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Photo: Snow flood hike

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Our seasons in the Midwest are starting to butt up against one another, sometimes creating an overlap. It has been said that our area is graced with five seasons, but the grim reality is three of them are winter. There is also spring and fall, but each of those are only half seasons. They don’t last too long, maybe a few weeks apiece. That gets us to four so far, and the remaining season is what we like to call flood-nado, which brings us all the excitement of damaging winds and the predictability of river flooding.

snow flood selfie


Such was the case last weekend when I ventured outdoors for my annual autumn walk to Bullfrog Bayou. Catch some fresh air, admire the turning of the leaves, maybe spot some wildlife stocking up for the winter. Before I arrived at the parking lot, I had to switch on my windshield wipers to brush aside the light, fluffy snowflakes. Once I took to foot, I had to wade across a low point in the path leading up to the proper trail, a raised ridge that had once been train tracks and still boasted the occasional railway infrastructure rusting away.

Either side of the trail was a now a submerged forest, snowflakes hitting the flood waters, churning with orange and golden fallen leaves. A green-headed mallard and his female companion floated past, trying to figure out the weather, probably thinking “what the duck.”

Winter is coming early this autumn, and flood-nado doesn’t want to let go yet.

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Photos: Flood remains

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Road water.

 
The flooding in the inhabited areas around here has subsided, but there are still parts that are underwater.

I eased my car up to the park entrance and tried to comprehend its status. The portable street department barricade seemed to indicate it was closed. But then again, it was half toppled, two of it’s metal legs sprawled on the asphalt, and some of the wood was splintered. 

So I took the chance and followed the road up and over the earthen flood-control berm and descended into the riverside park. At the shelter, I spotted three parked vehicles and few people milling around. It was the weekend, so I was pretty sure they weren’t city workers. If I was entering a restricted area, at least I wasn’t going to be the only one getting in trouble. 

Beyond the shelter, the backwater lake was overflowing, and water covered sections of the walking path.

On down the road I drove until the water began to lap at the pavement, and I pulled over to explore on foot. I didn’t get too far before my shoes found mud. Not your typical soaked earth, this was flood river mud. It had a fine, smooth consistency, smelled like rotting fish and clung to everything it touched.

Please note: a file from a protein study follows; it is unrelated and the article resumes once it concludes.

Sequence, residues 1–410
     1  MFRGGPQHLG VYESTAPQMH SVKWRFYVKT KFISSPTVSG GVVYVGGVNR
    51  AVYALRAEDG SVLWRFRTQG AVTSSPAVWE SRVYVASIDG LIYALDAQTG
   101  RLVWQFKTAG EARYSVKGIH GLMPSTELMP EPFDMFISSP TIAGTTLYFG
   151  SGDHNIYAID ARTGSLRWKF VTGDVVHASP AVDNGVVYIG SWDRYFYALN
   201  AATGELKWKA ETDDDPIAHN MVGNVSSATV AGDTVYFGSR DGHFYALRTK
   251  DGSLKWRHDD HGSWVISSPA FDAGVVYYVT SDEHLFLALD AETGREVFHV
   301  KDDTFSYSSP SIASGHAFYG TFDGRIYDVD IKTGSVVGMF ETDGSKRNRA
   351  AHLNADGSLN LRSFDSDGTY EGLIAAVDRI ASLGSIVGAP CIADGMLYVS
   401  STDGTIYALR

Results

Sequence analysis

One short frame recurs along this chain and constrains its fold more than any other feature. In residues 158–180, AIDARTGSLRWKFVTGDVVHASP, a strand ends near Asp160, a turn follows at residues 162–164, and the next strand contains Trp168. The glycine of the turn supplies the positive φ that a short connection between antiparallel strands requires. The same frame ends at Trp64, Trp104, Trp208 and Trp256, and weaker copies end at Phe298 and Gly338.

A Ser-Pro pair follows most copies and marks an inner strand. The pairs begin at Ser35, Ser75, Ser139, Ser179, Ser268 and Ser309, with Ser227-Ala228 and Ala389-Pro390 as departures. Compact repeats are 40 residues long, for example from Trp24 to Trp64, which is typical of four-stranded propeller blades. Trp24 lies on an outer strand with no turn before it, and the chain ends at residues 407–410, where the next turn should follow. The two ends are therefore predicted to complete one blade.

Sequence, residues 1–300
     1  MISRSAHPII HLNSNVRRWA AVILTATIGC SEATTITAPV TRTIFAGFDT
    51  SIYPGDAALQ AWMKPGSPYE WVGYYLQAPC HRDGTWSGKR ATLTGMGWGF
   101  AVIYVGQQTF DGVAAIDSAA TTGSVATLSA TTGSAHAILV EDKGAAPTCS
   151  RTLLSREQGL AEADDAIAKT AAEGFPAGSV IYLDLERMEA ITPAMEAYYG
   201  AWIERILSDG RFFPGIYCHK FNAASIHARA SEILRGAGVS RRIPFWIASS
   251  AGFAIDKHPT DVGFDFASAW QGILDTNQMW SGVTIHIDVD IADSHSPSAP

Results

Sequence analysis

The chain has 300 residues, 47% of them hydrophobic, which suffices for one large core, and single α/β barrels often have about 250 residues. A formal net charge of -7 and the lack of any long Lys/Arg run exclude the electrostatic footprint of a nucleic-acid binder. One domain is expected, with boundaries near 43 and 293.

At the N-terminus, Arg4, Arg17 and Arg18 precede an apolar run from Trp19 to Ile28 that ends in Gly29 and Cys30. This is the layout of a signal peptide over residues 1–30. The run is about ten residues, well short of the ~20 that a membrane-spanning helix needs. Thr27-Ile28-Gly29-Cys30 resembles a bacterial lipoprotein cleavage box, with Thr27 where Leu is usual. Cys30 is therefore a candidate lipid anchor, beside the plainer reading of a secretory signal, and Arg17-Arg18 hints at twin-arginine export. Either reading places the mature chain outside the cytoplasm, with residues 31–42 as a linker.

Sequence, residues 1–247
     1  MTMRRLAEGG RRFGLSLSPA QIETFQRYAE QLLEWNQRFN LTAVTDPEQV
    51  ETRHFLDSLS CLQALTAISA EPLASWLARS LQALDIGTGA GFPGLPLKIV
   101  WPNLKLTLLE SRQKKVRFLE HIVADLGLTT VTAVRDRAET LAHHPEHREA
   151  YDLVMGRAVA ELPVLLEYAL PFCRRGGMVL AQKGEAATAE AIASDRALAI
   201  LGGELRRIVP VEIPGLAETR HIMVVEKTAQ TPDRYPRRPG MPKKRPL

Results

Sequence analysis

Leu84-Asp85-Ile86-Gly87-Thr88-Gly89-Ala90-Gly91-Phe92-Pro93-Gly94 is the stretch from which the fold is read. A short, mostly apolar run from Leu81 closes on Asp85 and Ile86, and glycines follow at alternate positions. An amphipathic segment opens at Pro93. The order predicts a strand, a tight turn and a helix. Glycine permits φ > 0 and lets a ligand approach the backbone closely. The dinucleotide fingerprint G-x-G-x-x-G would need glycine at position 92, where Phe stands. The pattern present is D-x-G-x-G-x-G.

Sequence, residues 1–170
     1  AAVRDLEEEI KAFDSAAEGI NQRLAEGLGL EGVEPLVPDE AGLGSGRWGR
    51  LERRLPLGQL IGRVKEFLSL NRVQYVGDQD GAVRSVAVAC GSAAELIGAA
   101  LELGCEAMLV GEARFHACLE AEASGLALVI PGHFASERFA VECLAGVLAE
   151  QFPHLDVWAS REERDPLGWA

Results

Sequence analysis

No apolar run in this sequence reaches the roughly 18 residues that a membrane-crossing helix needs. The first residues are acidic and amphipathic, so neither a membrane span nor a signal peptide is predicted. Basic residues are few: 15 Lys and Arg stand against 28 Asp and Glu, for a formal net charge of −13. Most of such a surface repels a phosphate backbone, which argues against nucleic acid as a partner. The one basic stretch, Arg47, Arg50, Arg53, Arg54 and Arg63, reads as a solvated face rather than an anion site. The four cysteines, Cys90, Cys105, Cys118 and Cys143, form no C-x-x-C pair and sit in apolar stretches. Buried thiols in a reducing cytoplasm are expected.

Perhaps the barricades weren’t to keep us from danger but were to save us from the muck and the stench.

trail water.

Canyoneering deaths in flash flood

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Strong storms claimed the lives of three members of a canyoneering party at Zion, and four others are missing. Here’s the latest from the National Park Service.

Three Canyoneering Fatalities, Four Others Missing in Zion National Park

Sept. 15, 2015

Rangers at Zion National Park in Utah received a report of a group of seven people canyoneering in Keyhole Canyon shortly before the flooding began Monday, Sept. 14. Their unoccupied vehicles were located on Monday evening and a search began the morning of Tuesday, Sept.15 when it was determined that these individuals had not exited the canyon.

Of the seven individuals involved, three fatalities are confirmed and the remaining four are missing. Names are not being released at this time, pending notification of kin. As the search continues for the missing hikers, high water levels and continued rain showers pose further flash flooding concerns and have hampered searchers’ access to the technical portions of the canyoneering route.

According to the National Park Service, storms arrived between 4:30 and 5:30 p.m Monday and dropped 0.63” in Zion Canyon in one hour. As a result of these local storms, flash flooding occurred in the park including Keyhole Canyon.

Keyhole Canyon is a short, narrow slot canyon located on the east side of Zion National Park. A permit is required for traveling through Keyhole Canyon and individuals must complete several short rappels under 30 feet and swim through several pools of water.